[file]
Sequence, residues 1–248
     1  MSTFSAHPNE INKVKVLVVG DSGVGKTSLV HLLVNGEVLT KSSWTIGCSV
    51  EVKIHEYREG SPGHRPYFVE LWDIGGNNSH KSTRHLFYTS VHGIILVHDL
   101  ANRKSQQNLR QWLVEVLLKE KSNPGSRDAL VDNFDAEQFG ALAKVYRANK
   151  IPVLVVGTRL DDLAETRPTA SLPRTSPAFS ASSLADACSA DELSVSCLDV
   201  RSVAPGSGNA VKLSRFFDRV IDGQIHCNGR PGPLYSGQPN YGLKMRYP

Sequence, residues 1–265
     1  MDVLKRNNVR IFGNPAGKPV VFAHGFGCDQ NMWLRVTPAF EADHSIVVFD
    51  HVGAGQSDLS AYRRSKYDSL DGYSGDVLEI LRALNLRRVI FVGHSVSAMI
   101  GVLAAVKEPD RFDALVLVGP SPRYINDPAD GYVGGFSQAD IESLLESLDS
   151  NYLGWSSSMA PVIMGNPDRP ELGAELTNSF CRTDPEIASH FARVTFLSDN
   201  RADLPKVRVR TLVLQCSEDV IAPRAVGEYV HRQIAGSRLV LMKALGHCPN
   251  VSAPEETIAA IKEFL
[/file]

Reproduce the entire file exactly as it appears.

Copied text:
Sequence, residues 1–248
     1  MSTFSAHPNE INKVKVLVVG DSGVGKTSLV HLLVNGEVLT KSSWTIGCSV
    51  EVKIHEYREG SPGHRPYFVE LWDIGGNNSH KSTRHLFYTS VHGIILVHDL
   101  ANRKSQQNLR QWLVEVLLKE KSNPGSRDAL VDNFDAEQFG ALAKVYRANK
   151  IPVLVVGTRL DDLAETRPTA SLPRTSPAFS ASSLADACSA DELSVSCLDV
   201  RSVAPGSGNA VKLSRFFDRV IDGQIHCNGR PGPLYSGQPN YGLKMRYP

Sequence, residues 1–265
     1  MDVLKRNNVR IFGNPAGKPV VFAHGFGCDQ NMWLRVTPAF EADHSIVVFD
    51  HVGAGQSDLS AYRRSKYDSL DGYSGDVLEI LRALNLRRVI FVGHSVSAMI
   101  GVLAAVKEPD RFDALVLVGP SPRYINDPAD GYVGGFSQAD IESLLESLDS
   151  NYLGWSSSMA PVIMGNPDRP ELGAELTNSF CRTDPEIASH FARVTFLSDN
   201  RADLPKVRVR TLVLQCSEDV IAPRAVGEYV HRQIAGSRLV LMKALGHCPN
   251  VSAPEETIAA IKEFL